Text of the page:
The oil and gas industry plays a major role in the economic growth of Alaska. The industry paid 47% of the taxes and royalties as a percentage of total state revenues in fiscal year 2013. It is a major contributor to the growth of the state in terms of taxes, royalties paid and jobs created.
To achieve higher growth, Alaska needs to produce more crude oil from its existing and new wells. However, the production of crude oil in the state has been declining since 1988, due to low new production and declining yields from existing wells.
The decline in production is due more to low new production rather than to decreases from proved reserves. There are smaller reserves rather than super-giant reserves that no state has in the United States. However, these reserves need additional investment to increase production and the economic growth of Alaska.
To make the state revenues from the oil and gas industry more stable and to spur more new crude oil production, Sean Parnell's "More Alaska Production Act" become law on May 21, 2013. The new reform encourages major companies operating in Alaska to increase their new and existing production.
Source: Department of Revenue Alaska
In addition to the new investment referenced above, there are expectations that $10 billion in additional investments will be made for North Slope production over the next 10 years. The new investments will create more jobs and faster economic growth. However, this may not be able to meet all the requirements of the state, such as more state revenue.
The Alaska Department of Revenue said in estimates [pdf] released Wednesday that the state took in $6.3 billion in petroleum revenue in fiscal 2013. Next year, the state will take in $4.3 billion from petroleum production, an amount that falls to $3.9 billion in fiscal 2015.
Source: Washington Post
The decline in forecast revenue to the state would definitely be a damper on the economy, but the growth in new production has the potential to more than compensate for it. It will take some time to be reflected in the state revenue because the initiatives to increase production are still underway. In addition, if the oil prices increase in the future, it will also boost the revenue.
However, it appears overall that Alaska will see better growth in the future than what it is witnessing right now. To cash in on this opportunity, I have selected one bank that serves approximately 75% of the Alaska population.
Northrim BanCorp, Inc. (NASDAQ:NRIM) is a bank holding company that is the third largest commercial bank in Alaska, with $1.0 billion in total deposits and $1.2 billion in total assets as of December 31, 2013.
The company's business strategy is highly focused on providing commercial lending products and services to businesses and professional individuals through relationship banking. Additionally, a major portion of the bank's lending activities is related to commercial real estate projects.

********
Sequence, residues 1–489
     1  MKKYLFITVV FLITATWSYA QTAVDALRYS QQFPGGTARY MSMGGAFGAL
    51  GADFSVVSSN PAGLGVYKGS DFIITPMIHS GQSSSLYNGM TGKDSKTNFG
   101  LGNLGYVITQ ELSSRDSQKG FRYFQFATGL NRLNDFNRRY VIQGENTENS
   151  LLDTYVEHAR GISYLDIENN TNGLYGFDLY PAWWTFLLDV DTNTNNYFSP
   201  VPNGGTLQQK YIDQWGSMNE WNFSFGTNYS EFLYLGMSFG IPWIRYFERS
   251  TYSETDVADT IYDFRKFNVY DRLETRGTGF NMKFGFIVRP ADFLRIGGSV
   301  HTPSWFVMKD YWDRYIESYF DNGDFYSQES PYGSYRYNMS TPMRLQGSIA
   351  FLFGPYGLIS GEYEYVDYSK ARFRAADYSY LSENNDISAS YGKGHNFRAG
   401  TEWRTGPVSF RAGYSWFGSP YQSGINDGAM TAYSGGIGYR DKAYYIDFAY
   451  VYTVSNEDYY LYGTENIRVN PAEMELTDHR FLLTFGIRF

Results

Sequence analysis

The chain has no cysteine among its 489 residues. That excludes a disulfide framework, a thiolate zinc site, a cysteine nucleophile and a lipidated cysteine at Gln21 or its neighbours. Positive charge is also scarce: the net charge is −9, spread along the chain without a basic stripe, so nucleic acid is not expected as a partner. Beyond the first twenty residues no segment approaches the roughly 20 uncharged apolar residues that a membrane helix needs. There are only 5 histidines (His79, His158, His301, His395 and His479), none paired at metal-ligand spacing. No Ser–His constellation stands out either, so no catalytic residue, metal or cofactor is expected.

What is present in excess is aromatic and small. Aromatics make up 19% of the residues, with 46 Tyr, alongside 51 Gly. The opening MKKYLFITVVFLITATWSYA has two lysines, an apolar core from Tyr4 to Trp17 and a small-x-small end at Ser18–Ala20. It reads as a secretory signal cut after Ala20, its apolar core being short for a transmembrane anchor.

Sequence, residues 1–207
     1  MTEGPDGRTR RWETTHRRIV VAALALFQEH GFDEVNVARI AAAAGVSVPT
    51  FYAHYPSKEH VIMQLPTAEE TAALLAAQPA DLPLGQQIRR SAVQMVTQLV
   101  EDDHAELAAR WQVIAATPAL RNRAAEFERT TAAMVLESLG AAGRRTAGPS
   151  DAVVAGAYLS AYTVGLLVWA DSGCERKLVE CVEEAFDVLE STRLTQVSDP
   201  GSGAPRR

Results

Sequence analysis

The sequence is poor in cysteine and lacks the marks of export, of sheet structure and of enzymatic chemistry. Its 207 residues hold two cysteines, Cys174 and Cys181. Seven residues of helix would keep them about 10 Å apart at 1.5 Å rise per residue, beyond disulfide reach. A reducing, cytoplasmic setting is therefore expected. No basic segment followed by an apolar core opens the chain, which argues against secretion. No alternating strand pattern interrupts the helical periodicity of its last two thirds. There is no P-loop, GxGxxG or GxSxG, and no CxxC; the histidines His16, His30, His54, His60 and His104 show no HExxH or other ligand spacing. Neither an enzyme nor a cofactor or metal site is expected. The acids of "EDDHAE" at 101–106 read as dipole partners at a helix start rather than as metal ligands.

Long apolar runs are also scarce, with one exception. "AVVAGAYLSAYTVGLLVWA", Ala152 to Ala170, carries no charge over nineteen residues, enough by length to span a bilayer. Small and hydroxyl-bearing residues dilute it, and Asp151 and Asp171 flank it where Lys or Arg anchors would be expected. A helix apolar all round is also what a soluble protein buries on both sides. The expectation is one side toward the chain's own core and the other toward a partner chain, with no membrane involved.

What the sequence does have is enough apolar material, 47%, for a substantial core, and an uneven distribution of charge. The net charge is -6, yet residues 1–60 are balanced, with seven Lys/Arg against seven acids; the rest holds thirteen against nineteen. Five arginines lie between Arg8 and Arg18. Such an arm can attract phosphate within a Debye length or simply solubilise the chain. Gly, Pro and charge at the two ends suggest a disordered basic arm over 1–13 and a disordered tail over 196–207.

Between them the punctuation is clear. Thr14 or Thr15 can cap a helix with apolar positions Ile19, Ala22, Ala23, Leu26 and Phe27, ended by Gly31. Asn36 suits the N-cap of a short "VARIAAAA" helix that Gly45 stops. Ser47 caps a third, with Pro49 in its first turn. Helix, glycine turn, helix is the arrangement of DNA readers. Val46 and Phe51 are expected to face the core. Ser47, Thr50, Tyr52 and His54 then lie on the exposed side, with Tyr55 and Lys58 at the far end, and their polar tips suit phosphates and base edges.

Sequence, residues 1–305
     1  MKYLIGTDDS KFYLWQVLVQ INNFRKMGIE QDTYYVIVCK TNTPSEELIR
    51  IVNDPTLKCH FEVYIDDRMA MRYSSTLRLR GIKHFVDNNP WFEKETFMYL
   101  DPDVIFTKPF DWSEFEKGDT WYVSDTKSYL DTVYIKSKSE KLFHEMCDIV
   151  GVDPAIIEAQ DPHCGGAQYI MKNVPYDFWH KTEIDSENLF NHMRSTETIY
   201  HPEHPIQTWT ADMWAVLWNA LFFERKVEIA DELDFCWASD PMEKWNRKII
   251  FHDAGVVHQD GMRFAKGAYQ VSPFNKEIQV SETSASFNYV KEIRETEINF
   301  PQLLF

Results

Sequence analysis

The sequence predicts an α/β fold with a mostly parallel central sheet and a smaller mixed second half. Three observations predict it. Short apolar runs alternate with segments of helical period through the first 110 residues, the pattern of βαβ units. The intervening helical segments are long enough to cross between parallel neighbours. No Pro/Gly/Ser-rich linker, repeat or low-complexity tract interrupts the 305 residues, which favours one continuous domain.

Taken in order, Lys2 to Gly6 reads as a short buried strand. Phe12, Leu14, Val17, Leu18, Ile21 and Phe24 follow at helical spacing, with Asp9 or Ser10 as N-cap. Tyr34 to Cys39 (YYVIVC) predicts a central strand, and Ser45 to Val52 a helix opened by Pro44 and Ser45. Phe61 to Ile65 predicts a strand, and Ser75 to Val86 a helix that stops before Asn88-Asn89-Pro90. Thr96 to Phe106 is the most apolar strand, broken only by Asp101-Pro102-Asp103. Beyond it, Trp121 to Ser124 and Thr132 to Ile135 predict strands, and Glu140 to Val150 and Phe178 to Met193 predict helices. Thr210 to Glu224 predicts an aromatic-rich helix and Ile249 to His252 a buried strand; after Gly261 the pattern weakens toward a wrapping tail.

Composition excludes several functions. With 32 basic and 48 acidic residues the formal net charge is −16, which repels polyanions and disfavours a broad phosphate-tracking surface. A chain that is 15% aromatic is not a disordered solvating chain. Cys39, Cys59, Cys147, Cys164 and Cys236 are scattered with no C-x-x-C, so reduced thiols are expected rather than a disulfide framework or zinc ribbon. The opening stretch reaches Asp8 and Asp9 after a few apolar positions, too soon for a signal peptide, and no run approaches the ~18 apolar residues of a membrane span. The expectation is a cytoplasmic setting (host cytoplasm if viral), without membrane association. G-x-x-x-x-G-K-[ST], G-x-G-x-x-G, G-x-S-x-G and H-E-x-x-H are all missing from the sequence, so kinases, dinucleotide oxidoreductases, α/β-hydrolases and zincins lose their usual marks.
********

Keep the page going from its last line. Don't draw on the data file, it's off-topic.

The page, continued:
The company posted diluted earnings per share of $0.40 for 1Q2014 compared to diluted earnings per share of $0.41 for 1Q2013. The decline in EPS was due to a decrease in other operating income and an increase in other operating expense, primarily expenses related to the acquisition of Alaska Pacific.
Asset quality is one of the key characteristics of a bank, which explains how well the operations of the bank are managed. Higher nonperforming assets represents low asset quality; generally nonperforming assets below 1% of total assets is considered as having good asset quality. At the end of March 31, 2014, total nonperforming assets were at 0.37% of total assets.
An interesting point is the favorable NRIM stock valuation. With the diluted EPS of $1.87 for 2013, the stock recently has a 13.38 ratio of price to earnings, 1.12 times book value and a forward price to earnings ratio of 11.12. One broker following the stock has a strong buy rating with a target price of $28; the stock is currently trading at $25.20 when last checked. Northrim's board of directors declared a regular cash dividend of $0.17 per share to be paid on June 13, 2014.
Although the oil tax reform should help the state to see increased economic growth in the future, there are risks to investing in this growth story. The "More Alaska Production Act" is subject to a referendum set for the August 2014 ballot. If the voters vote against the Act, then the entire growth scenario might be undermined. However, there is a chance that the companies who proposed the investment plans might continue making their investments and associated operations if the situation favors them, like with higher oil prices.
Disclosure: I have no positions in any stocks mentioned, and no plans to initiate any positions within the next 72 hours. I wrote this article myself, and it expresses my own opinions. I am not receiving compensation for it. I have no business relationship with any company whose stock is mentioned in this article.